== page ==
L7’s first album in 20 years marks a return to the classic lineup from the early ‘90s featured on Smell The Magic, Bricks Are Heavy, and Hungry For Stink. Founding members Donita Sparks and Suzi Gardner reunited with longtime drummer Dee Plakas and bassist Jennifer Finch in 2014 after the band underwent a 13 year hiatus. Ever since, they have been doing small tours, playing festivals, recording singles, and making videos with no sign of stopping. Scatter The Rats definitely has their signature punk/metal sound, but it runs a bit more mid-paced than what one may expect compared to their energetic previous releases. This isn’t necessarily a bad thing, as it gives room for more guitar work and playful writing. If you’re familiar with their late ‘90s albums The Beauty Process: Triple Platinum and Slap-Happy, this will feel like a natural progression with its somewhat experimental approach. Songs like the Finch-penned “Garbage Truck” and the Ramones-like “Stadium West” bring the pace back up and feel reminiscent of the angst on earlier releases. “Upping The Ice” heads in a bit of a different direction, but is really effective with unique vocal arrangements and catchy hooks. It’s obvious they were having fun with the writing process on this release and that’s infectious for the listener. The album is appropriately released on Joan Jett’s label Blackheart Records. It may take a few listens to truly assess, but it really grows on you. I think it’s amazing. —Bill Heintz


According to her bio, Lilli Lewis’ music career should never have been. The singer was born with “lung trouble,” but listening to The Lilli Lewis Project’s upcoming release We Belong, you would never know. Lewis can sustain any note with perfect vibrato. The group’s first album was produced by Lewis and Mark Bingham, and it features New Orleans musicians Kirk Joseph, Dr. Michael White, and Glen David Andrews as guests. The group moves seamlessly between soul, rock, jazz, and smooth R&B. We Belong starts off strong with opener “Interlock,” which features an Afro-beat and mellow wind instruments, as well as a call-and-response of the album title. The songs alternate between up-tempo jams, like “Anyone Anymore” and “When the Sun Comes Down,” and sultry ballads like “Coretta’s Song” and “Kisses.” Lewis says the album is all about connection: “Whether it’s community or family, our intimate relationships, even with ourselves, connection matters on every level.” The group’s inner connection is evident, playing like they’ve been together for decades, and their place on Louisiana Red Hot affirms their local connection. —Allie Mariano


Japanese math rock band Lite continue to propel their own sound with their sixth album Multiple. Opener “Double” is an angular, dynamic composition defined by jagged guitars and multiple layers of juxtaposing textures. With it, Lite immediately reminds listeners that no one in the instrumental four-piece is a slacker. Every instrument serves an integral role in the band, layering distinctive parts to create a rich, full sound. Their precisely executed compositions are like paintings where no stroke has been left to chance. While the band’s music is frequently heady, Lite have used the last decade and a half to hone their style into something quite accessible. The group has top tier musicianship and can be experimental at times, but they also know how to keep these elements in check to avoid becoming an inaccessible prog nerd fest. Following one vocal collaboration on their 2016 album Cubic, the quartet has returned with two new vocal explorations. “Ring” is a soft spoken Japanese rap collaboration that also boasts steelpan drums. “Blizzard” is an artsy number that samples a speech in English. The stark difference between the two tunes illustrates the wide spectrum of the band’s output. —William Archambeault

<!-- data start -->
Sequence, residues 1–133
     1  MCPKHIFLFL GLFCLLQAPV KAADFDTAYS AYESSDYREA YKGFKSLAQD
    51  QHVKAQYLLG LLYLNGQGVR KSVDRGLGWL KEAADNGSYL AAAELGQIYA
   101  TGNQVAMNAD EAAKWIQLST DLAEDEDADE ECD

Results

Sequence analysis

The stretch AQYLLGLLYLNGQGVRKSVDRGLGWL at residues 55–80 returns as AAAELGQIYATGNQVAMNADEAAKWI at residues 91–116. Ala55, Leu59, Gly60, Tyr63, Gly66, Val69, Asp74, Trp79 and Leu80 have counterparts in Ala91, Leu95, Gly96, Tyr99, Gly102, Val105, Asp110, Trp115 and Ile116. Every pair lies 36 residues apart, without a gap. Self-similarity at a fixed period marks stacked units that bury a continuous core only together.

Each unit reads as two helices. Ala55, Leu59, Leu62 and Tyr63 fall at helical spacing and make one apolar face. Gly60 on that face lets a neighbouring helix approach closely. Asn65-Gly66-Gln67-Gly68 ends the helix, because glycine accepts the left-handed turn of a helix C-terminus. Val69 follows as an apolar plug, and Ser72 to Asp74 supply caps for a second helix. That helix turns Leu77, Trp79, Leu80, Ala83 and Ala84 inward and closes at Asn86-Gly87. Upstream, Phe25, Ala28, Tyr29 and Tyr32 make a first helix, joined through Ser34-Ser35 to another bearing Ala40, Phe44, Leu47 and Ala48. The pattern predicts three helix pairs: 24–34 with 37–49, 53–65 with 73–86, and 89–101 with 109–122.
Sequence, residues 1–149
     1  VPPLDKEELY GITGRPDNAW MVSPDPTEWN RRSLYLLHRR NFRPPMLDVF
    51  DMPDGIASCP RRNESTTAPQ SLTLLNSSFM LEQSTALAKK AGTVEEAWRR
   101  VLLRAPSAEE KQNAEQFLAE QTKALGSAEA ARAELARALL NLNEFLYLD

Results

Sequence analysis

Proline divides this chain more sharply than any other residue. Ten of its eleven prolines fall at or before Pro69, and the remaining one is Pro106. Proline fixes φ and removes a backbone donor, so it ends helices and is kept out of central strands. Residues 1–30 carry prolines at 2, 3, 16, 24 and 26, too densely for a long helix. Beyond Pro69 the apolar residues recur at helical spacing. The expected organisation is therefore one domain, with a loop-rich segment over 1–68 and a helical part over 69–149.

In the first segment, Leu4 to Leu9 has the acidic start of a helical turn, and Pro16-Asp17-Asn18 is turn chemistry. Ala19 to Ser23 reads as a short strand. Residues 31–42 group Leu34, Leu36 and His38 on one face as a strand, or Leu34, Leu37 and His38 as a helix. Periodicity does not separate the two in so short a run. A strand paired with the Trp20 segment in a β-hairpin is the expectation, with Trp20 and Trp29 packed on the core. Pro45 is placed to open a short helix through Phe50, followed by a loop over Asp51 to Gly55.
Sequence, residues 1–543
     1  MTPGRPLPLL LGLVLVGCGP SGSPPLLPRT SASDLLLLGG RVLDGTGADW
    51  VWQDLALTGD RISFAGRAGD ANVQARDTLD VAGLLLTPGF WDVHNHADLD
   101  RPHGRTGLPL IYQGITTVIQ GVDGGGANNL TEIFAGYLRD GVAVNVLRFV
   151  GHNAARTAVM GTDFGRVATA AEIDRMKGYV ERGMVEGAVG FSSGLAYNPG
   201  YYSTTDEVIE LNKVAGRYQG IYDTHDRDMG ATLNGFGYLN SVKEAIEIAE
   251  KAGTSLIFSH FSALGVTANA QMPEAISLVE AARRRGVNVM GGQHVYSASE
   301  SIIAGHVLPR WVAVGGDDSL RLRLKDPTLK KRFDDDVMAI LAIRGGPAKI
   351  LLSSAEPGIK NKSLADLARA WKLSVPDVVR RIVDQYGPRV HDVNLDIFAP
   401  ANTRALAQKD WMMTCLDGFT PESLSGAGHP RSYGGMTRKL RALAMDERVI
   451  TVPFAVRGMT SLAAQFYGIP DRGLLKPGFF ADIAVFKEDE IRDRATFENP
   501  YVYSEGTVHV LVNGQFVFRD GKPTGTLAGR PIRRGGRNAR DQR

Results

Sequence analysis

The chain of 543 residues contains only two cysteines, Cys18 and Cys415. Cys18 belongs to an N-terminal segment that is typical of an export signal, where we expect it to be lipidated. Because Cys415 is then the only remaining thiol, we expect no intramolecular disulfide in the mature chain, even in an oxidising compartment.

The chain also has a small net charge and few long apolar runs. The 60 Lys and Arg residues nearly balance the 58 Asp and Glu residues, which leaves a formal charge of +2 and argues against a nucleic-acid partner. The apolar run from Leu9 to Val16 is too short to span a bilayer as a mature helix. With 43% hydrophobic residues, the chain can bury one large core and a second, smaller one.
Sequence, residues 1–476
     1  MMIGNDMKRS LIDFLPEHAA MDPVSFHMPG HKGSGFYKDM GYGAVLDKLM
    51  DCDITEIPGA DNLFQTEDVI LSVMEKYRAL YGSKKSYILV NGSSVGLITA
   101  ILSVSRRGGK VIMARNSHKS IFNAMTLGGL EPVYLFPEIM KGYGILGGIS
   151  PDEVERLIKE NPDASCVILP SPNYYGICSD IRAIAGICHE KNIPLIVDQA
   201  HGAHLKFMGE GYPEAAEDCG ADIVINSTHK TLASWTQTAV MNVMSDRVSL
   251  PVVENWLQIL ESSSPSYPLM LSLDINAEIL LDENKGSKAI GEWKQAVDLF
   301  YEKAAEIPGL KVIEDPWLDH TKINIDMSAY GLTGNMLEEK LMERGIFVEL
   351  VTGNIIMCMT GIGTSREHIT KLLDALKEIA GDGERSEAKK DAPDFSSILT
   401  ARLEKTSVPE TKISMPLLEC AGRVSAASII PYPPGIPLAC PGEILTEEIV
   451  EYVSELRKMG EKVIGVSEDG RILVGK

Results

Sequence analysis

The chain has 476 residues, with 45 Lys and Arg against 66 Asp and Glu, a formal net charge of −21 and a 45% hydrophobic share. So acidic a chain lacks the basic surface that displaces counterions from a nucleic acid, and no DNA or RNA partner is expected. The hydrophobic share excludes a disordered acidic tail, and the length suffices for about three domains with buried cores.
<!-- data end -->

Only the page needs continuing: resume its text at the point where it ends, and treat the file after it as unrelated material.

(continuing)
It’s been more than three years since the release of Seratones’ first album Get Gone, and now the Shreveport-based band is releasing their sophomore album, Power. Exploring themes of racial injustice, global climate change, gender inequality, and burnout, Power blends funk and old-school Motown sounds with more experimental melodies. After a band shake-up and an overhaul of the group’s creative process, Seratones has emerged with a killer lineup, including Travis Stewart and his shredding guitar solos, and a steady beat supplied by drummer Jesse Gabriel. AJ Haynes fronts the group, a gospel-trained vocal artist who first began singing in the Brownsville Baptist Church in Louisiana, and who also served for many years as a counselor at one of the last abortion providers remaining in Louisiana. Belting through the eponymous song  “Power,” Haynes laments: “We take two steps forward / They take one step backward. The album’s strengths lie in catchy riffs and fuzzed-out, passionate instrumentals. Overall, Power is a mix of upbeat bangers interspersed with slower moments where simple vocals reverberate over the piano, played with loving soul by Tyran Coker. While the album vibrates with themes of social movement and change, it is grounded in the reality of the oppressive forces that surround modern society. Though at times the tunes can err on the side of the familiar, Haynes is a singer to marvel at. —Jesse Baum